“I am honored and truly humbled to be named the Walter Payton NFL Man of the Year,” said Birk. “This award is not about the recipient, but rather a celebration of the decades-long tradition of NFL players using their unique platform to touch lives and make a positive and lasting impact in the communities in which they work and live. Walter Payton left a legacy that went beyond the playing field. He continues to be an inspiration and example of what a complete NFL player should aspire to become. I am grateful to have played for two organizations, the Minnesota Vikings and Baltimore Ravens, which encourage and support their players’ community efforts. I have always considered it a privilege to play in the NFL and serve the communities that support our game.”

Birk, who just completed his in 14th NFL season, is the anchor of the Ravens offensive line and an undisputed leader on and off the field. The perennial Pro Bowl center has started 96 consecutive games, the NFL’s second-longest active streak among centers. In 2011, Birk helped pave the way for Ravens running back Ray Rice to score a franchise-record 15 total touchdowns and rush for a career-high 1,364 yards, also leading the league with 2,068 yards from scrimmage.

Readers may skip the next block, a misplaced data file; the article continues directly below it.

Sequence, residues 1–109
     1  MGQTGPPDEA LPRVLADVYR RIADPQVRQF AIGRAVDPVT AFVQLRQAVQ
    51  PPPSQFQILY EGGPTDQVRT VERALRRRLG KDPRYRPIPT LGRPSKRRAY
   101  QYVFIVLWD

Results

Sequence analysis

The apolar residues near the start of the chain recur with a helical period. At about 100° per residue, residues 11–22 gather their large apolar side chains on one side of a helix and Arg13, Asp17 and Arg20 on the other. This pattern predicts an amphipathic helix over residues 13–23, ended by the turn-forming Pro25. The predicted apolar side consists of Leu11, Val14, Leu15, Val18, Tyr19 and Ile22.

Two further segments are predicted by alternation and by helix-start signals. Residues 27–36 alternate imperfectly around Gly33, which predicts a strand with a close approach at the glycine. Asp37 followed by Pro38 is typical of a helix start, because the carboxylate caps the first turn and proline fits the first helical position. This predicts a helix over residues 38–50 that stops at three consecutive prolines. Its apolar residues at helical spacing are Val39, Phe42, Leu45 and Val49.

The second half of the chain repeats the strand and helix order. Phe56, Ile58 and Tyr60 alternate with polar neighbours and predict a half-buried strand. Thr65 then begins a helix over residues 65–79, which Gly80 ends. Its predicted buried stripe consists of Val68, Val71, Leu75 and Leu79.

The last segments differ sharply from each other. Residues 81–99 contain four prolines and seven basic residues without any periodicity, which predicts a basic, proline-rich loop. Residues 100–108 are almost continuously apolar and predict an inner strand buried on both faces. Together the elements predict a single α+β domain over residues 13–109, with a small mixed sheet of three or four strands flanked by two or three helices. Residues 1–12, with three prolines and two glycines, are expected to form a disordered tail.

A family man and father of six with a passion for emphasizing the importance of education, Birk has focused a great deal of his energy on promoting literacy among the youth around him. The Harvard graduate’s “Ready, Set, Read!” program, an initiative of his H.I.K.E. Foundation (hope, inspiration, knowledge and education), reaches close to 100,000 children in the Baltimore area and motivates students to read at home through an incentive-based system. Birk’s work carries well past the many initiatives and successes of his own foundation. He is committed to bettering himself, his team, his community and the world. Birk has agreed to donate his brain and spinal cord tissue to the Center for Traumatic Encephalopathy at Boston University’s School of Medicine to help assist in researching the effects of repeated head traumas. Birk is an eight-time Man of the Year (seven with the Vikings, one with the Ravens), and was a finalist for the national award in 2008.

Birk joins an esteemed list of winners of the annual award, including 17 Pro Football Hall of Famers.  Recent winners of the Walter Payton NFL Man of the Year Award include MADIEU WILLIAMS, then of the Minnesota Vikings (2010), BRIAN WATERS, then of the Kansas City Chiefs (2009), and former Arizona Cardinals quarterback KURT WARNER (2008).

All 32 team nominees for the award receive a $1,000 donation from NFL Charities to the charity of their choice.  The three Man of the Year finalists received an additional $5,000 donation in their name. The selection panel is comprised of NFL Commissioner ROGER GOODELL, former NFL Commissioner PAUL TAGLIABUE, CONNIE PAYTON, Pro Football Hall of Fame members FRANK GIFFORD and ANTHONY MUÑOZ, Giants great and Executive Director of the NFL Alumni Association GEORGE MARTIN, 2010 winner MADIEU WILLIAMS, and Sports Illustrated football writer PETER KING.